It’s an uphill battle, littered with enormous, deep-seated obstacles. According to the United Nations, modern contraceptive use among females between the ages of 15 and 49 was just 18.9 percent in 2010. In Burundi’s male-dominated society, women are often powerless to convince their husbands to use birth control. Then there is the Catholic Church: In addition to claiming an estimated 60 percent of Burundians as followers, the church has affiliations with roughly 30 percent of national health clinics, which are forbidden from distributing or discussing condoms, the pill, and other medical contraceptives. “Catholic teachings against birth control are very resonant with Burundian culture, which says that children are wealth,” explains Longman, of Boston University. “Because the Catholic Church is so powerful and controls so much of the health sector, it creates a huge stumbling block for family-planning practice.”
Bujumbura insists that the Catholic Church is a collaborative partner on land issues. The president even appointed a Catholic bishop, Sérapion Bambonanire, as head of the CNTB in 2011. But cracks do exist between church and state. In 2012, the Ministry of Public Health launched a series of “secondary health posts,” which offer medical contraceptives; sometimes these clinics, including Nimbona’s, are built right next door to existing Catholic ones.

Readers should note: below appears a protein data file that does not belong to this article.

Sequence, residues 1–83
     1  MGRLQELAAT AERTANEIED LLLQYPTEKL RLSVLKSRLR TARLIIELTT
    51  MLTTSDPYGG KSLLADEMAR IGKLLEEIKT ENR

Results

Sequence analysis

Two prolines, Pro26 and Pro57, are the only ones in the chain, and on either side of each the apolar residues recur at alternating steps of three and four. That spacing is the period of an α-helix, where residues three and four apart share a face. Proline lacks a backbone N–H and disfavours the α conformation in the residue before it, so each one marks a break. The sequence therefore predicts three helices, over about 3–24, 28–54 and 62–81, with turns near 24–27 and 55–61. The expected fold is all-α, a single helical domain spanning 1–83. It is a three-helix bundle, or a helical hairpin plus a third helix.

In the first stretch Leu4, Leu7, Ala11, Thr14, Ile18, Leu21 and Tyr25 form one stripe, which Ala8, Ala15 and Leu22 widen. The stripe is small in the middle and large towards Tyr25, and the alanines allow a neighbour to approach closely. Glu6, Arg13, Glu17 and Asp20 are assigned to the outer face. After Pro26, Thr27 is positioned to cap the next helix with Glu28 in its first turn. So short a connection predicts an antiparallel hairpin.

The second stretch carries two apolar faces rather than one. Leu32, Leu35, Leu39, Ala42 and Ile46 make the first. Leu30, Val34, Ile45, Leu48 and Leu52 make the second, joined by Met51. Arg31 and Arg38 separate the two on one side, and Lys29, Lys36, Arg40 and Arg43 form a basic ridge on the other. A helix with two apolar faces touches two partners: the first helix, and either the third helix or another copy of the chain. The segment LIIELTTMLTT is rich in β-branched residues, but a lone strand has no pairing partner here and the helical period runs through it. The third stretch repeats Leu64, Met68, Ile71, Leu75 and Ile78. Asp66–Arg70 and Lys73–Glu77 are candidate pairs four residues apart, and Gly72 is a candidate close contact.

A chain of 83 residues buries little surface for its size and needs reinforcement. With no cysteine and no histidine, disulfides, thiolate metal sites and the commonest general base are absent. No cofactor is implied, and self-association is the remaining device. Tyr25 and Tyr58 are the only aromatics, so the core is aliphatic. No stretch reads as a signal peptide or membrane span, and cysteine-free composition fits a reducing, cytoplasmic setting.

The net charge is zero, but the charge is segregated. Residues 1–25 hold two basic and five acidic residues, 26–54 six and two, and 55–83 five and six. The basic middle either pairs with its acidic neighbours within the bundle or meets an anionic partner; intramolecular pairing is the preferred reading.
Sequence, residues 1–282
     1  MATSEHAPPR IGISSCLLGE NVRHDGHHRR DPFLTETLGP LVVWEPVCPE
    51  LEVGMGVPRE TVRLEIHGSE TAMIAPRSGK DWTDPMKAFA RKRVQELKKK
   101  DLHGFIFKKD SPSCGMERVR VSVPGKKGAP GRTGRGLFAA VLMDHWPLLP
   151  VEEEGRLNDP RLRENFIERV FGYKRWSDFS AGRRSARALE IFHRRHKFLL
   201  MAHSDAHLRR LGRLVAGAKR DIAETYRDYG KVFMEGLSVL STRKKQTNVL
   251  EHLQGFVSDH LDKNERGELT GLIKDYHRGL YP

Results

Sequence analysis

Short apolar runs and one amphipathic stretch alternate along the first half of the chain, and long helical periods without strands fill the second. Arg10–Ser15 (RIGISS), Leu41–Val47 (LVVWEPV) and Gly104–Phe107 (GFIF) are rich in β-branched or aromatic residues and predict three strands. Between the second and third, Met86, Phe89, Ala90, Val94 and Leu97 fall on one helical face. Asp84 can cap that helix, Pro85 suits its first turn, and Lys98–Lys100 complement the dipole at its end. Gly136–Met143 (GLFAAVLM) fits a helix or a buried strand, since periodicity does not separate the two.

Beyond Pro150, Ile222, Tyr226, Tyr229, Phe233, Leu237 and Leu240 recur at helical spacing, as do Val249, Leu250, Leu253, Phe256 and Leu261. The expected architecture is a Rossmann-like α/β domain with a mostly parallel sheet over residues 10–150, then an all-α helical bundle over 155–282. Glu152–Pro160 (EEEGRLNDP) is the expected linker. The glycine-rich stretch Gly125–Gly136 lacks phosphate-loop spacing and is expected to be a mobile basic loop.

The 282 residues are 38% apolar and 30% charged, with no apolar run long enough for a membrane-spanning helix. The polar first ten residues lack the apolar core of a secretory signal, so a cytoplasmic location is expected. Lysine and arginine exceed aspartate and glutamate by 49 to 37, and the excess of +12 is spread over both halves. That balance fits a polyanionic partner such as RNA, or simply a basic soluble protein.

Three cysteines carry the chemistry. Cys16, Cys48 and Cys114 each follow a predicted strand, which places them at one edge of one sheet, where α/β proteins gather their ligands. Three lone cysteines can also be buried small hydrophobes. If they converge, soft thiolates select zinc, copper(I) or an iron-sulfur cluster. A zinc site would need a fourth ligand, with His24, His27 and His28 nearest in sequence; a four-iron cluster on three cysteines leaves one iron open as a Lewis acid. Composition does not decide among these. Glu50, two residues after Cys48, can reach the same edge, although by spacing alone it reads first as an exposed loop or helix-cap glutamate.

There is also tension over a variable with unknown dimensions: how much of the land the Catholic Church held onto after colonialism it still owns today. “The Catholic Church can’t keep owning all the land while Christians are starving,” says a regional government employee in Kayanza, who spoke on condition of anonymity out of concern for his safety. According to him, in 2013 the government quietly launched a mapping program to determine, among other things, how much land the church controls. “National politics don’t allow us to focus on the Catholic Church,” he says, referring to the fact that the church’s followers are also voters. “So the government thinks this indirect method is best.”